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The Importance of Geochemical Characterization of Repository Host Horizons for Radioactive Waste Disposal: Saligny Repository Site for L/ILW, Romania

[+] Author Affiliations
Ioana Anghel, Stuart D. Ware

Los Alamos National Laboratory, Los Alamos, NM

Crina Bucur, Margarit Pavelescu

Institute for Nuclear Research, Moscow, Russia

Paper No. ICEM2003-4760, pp. 831-837; 7 pages
  • ASME 2003 9th International Conference on Radioactive Waste Management and Environmental Remediation
  • 9th ASME International Conference on Radioactive Waste Management and Environmental Remediation: Volumes 1, 2, and 3
  • Oxford, England, September 21–25, 2003
  • Conference Sponsors: Nuclear Engineering Division and Environmental Engineering Division
  • ISBN: 0-7918-3732-7 | eISBN: 0-7918-3731-9
  • Copyright © 2003 by ASME


The Saligny Site, situated in the vicinity of the Cernavoda Nuclear Power Plant in Romania, has been chosen as a repository site for placement of future Low and Intermediate Level Nuclear Waste. Scientific investigations are on going to help assess the long-term performance of the nuclear waste repository and include the development of a site conceptual model, geochemical characterization of the proposed liner material and the geologic formations surrounding the repository. Geochemical characteristics of the proposed waste site and of repository liner material are essential information in providing key model parameters needed to determine the mechanisms and rates for the potential release and transport of radionuclides in the environment. A series of laboratory sorption and diffusion experiments in support of the site conceptual model were run at Los Alamos National Laboratory, USA and Institute for Nuclear Research, Romania. These experiments compared responses of cesium-137 and tritiated water as radionuclides, and included natural soil samples from Saligny site and cement liner material. Sorption experiments focused on studying the affinity of cesium-137 for soil samples from: a clay rich loess horizon, a compacted red clay horizon and a Portland type cement, proposed as liner for the repository. A Saligny synthetic water was used for the soil sorption experiments. For the cement sorption and diffusion experiments, NaCl 10mM water was necessary in order to avoid insolubility problems at the high pH (around 12) when in contact with the cement. Preliminary studies of the geochemistry for radionuclide-soil matrix and radionuclide-concrete liner interactions were obtained through the sorption and diffusion experiments. The sorption isotherms were linear for all samples with high Kd values for soil samples and low values for the cement. Mineralogical information obtained through quantitative X-ray diffraction (QXRD) analysis, for the studied soil samples were in agreement with the sorption results. The high amount of clay present in the soil samples was determined to be the main contributor for the strong sorption. Diffusion cells were prepared for comparing hydrologic response characteristics for tritiated water and cesium-137, through the measurement of diffusion coefficients as influenced by the soil and cement matrices. Tritiated water and cesium-137 diffusion coefficients were determined from the change in radionuclide concentration profile over time while diffusing through the soil or cement matrix, and were found in agreement with the values listed in literature findings.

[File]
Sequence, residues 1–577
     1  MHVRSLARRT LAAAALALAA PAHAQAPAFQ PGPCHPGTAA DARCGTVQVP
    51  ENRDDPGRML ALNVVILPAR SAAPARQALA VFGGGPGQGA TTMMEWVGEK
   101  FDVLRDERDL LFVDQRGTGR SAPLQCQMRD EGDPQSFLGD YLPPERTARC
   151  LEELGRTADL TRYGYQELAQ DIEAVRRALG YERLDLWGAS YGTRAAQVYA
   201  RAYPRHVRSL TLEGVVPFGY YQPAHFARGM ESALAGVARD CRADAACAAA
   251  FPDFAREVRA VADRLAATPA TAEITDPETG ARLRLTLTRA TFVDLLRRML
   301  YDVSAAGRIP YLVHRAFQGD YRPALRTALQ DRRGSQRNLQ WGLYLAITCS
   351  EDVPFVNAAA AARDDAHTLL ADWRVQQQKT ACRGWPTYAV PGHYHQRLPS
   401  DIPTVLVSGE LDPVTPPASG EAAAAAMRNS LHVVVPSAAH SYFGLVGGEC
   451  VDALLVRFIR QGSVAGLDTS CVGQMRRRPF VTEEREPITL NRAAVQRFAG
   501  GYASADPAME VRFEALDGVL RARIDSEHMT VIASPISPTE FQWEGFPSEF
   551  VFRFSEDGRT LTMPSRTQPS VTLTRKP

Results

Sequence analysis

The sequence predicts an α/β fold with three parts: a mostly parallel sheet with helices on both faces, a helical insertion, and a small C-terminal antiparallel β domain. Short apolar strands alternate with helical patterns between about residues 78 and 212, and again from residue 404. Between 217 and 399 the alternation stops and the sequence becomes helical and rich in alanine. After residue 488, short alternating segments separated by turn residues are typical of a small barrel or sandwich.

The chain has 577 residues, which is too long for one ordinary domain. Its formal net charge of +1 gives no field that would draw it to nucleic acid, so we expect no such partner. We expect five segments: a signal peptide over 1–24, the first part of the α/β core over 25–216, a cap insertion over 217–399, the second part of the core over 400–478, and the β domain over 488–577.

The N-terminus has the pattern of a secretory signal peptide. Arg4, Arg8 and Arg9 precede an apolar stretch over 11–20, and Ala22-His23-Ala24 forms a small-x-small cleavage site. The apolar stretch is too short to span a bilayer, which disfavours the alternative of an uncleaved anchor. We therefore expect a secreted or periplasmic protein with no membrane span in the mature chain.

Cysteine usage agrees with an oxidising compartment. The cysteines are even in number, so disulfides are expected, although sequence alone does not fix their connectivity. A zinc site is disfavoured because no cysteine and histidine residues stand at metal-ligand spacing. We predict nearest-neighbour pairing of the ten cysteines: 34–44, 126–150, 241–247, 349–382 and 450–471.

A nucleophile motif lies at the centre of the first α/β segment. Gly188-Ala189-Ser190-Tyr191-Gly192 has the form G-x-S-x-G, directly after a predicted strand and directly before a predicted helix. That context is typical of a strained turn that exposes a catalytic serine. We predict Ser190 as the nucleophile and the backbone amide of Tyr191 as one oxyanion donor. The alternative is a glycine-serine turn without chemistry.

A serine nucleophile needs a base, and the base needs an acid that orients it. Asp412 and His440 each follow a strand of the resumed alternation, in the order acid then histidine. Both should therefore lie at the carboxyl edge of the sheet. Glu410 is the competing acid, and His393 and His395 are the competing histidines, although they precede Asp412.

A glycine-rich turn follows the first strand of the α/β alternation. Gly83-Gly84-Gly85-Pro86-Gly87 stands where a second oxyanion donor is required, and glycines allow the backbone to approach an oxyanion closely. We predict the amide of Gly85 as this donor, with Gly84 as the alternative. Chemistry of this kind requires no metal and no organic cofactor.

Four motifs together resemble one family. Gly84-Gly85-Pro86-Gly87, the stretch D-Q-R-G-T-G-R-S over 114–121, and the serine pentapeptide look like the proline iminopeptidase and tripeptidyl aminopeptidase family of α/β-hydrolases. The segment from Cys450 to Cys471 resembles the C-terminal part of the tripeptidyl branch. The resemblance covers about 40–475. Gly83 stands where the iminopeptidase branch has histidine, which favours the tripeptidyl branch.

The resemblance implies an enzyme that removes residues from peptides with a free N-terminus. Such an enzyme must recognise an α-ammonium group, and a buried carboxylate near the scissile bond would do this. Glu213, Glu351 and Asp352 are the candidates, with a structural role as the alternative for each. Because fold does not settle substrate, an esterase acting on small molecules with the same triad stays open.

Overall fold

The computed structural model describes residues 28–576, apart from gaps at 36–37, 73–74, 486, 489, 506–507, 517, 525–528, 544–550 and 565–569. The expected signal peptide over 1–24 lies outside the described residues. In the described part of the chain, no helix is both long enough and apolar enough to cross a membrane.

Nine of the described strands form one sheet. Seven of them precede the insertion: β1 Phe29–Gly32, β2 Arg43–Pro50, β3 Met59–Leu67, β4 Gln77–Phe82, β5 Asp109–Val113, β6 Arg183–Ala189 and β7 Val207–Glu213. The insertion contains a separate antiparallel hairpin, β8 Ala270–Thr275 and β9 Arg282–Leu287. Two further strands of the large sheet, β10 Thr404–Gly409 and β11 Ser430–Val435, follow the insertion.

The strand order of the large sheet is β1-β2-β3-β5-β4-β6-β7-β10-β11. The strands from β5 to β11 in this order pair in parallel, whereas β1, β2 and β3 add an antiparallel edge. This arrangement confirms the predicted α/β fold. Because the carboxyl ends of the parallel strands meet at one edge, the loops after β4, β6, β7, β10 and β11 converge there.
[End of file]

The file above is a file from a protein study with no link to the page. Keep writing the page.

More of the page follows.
Copyright © 2003 by ASME



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